Powerful Fairy Magic on the Cooley Peninsula
In the northeast corner of County Louth in Ireland lies the small and incredibly beautiful Cooley Peninsula. But as well its incredible beauty, it is also home to one wily little Leprechaun.
A long time ago when the giants walked the land of Ireland, the fairies (also known as the wee folk) lived in the underworld, a land known as the Tir na Nog (the land of eternal youth). The fairies were considered to be the most beautiful of all the spirits of this land. The fairy women are always born beautiful, but on occasion a fairy man may be born ugly (some say this is often a result of the union between a human man and a fairy woman). Whatever the reason, the ugly male offspring is considered to be unfitting for the fairy kingdom, and the male baby is cast out and left to fend for itself. This cast-off is known as the Leprechaun. And these, along with all the other wee folk lived long after the giants disappeared.
Here on the Cooley Peninsula, in the principle town of Carlingford, which sits in the shadow of Slieve Foy, is a local pub known as H O’Hare. The original owner of this pub was a Leprechaun hunter and would often go into the hills in search of the little men. According to local folklore, the Leprechaun is a vagabond and due to being cast off as a child, devises all manner of devious, mischievous methods to survive. This includes stealing food, clothes and gold and treasure from people’s homes. If captured, you might be able to force him to give up the location of his hidden treasures.
To Catch a Leprechaun
The pub owner went out one day way back in 1946 and captured a little rascal called Sean Og. He took him back to his pub and forced him to live in captivity, letting him out occasionally to entertain the drinkers with his music. For years he tried to coerce the wily little fellow to give up the secret of his treasure, but Sean proved too clever for his captor and always managed to talk his way around it, often sending his captor on a wild goose chase.
The Great Escape
55 years later, Sean finally made his escape, sneaking out one evening in 2001 after luring his captor into a night of wild music and drinking. Once the owner was suitably inebriated, Sean slipped quietly out the back door.
The pub retained many of Sean’s clothes and now offers a reward for his return. Every night the owners go out in search of him, but Sean is too clever to be captured a second time.
On a nearby road that heads up into the Cooley Mountains is a phenomenon known as Magic Hill. Many people have driven this seemingly nondescript section of road and passed by without ever knowing what was there. But those who have stopped have suddenly found that their car will roll back up the hill when the brake is released. The scientific community have called this an optical illusion, where it looks like the hill is sloping upwards, but is actually sloping down. Many of the locals think otherwise. They believe it to be the work of powerful fairy magic. Could it be that this is yet another devious trick by the wily Sean Og; a ruse to distract the traveller who dares to stop there and may discover him and his hidden treasure?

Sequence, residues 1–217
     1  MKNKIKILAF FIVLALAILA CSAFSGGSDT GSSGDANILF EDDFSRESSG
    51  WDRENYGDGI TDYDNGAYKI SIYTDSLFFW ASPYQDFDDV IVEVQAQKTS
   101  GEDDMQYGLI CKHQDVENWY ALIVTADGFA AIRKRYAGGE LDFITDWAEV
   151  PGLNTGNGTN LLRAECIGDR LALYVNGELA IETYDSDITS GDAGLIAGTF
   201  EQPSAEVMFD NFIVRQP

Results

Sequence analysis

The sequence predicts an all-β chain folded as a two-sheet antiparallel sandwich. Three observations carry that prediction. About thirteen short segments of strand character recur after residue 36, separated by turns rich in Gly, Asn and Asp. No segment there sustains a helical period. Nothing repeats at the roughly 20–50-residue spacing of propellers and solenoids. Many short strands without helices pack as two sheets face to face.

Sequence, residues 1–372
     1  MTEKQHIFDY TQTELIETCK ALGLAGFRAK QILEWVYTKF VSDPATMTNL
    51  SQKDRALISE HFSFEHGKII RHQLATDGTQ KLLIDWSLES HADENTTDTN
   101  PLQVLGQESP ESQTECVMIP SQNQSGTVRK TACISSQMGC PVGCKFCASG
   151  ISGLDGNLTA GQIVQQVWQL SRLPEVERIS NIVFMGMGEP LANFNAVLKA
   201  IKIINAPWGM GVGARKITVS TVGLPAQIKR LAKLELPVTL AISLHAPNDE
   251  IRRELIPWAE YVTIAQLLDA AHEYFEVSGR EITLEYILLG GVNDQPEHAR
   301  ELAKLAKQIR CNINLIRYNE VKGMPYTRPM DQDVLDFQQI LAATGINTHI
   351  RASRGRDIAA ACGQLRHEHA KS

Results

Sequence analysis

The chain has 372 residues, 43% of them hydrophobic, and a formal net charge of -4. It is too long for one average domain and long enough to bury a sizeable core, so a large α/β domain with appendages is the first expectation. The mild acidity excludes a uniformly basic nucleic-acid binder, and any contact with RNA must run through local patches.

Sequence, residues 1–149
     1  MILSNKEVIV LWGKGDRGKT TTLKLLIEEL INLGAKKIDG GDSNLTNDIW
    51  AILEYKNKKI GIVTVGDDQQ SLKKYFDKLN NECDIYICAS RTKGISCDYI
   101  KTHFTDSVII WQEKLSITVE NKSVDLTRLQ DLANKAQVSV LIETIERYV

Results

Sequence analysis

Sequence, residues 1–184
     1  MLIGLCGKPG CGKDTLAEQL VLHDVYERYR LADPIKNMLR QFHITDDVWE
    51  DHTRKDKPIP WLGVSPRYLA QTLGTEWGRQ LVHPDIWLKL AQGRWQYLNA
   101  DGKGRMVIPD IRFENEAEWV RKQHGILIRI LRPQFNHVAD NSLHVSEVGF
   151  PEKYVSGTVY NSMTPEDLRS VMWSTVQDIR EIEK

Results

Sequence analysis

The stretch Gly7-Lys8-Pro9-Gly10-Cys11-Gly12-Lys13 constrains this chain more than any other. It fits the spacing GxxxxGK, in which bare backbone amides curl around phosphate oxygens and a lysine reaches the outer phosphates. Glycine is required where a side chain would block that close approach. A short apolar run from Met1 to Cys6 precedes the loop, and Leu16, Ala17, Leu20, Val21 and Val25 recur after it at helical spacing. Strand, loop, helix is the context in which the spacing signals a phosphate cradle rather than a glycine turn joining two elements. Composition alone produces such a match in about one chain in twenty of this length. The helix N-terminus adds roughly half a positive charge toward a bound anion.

I tried, but his magic is so strong that all I could do was roll up and down the hill in my van in childish fascination at this strange phenomenon. Once I had overcome the powerful force of his magic it was too late, as Sean had managed once again to escape the clutches of his potential captor. Perhaps others will have more luck, for a grand reward awaits the intrepid explorer who manages to outwit this wily Leprechaun.
The real truth, according to a local Leprechaun Whisperer
Obviously, if you hadn’t already guessed, the tale above is based on the story I saw on the wall of O Hare pub when I visited many years ago, with a little added “poetic license” on my part. However, I was recently contacted by Kevin Woods, known to all as the Last Leprechaun Whisperer, who corrected me with, “the real story”.
According to Kevin, this story is a complete distortion of the truth, and the clothes and musical instruments were bought by the new owner of the pub in the local pound shop!
Kevin says that what really happened was this:
In 1989, the pub’s original owner, P.J. O’ Hare, found the Leprechaun’s discarded clothes and bones on Slieve Foy, along with some gold coins. He states the Leprechaun was attacked by a demon.
Kevin believes that this was one of more than 200 leprechauns that live on the peninsula, just below the mountain. In 2009 the European Habitat Directive gave the area a protected status, thus allowing the wee folk to live in peace.
Join the annual Leprechaun hunt
As a mark of their gratitude, every year on the first day of summer the wee folk leave 1000 little pots, each with a voucher inside that can be cashed in at a business in Carlingford.
In order to participate in the hunt, you need to register, pay the hunting fee, and get your official hunting license.
This year, 2019, the hunt takes place on Sunday May 12th. More info here:
For more info on the original discovery in 1989, watch this video: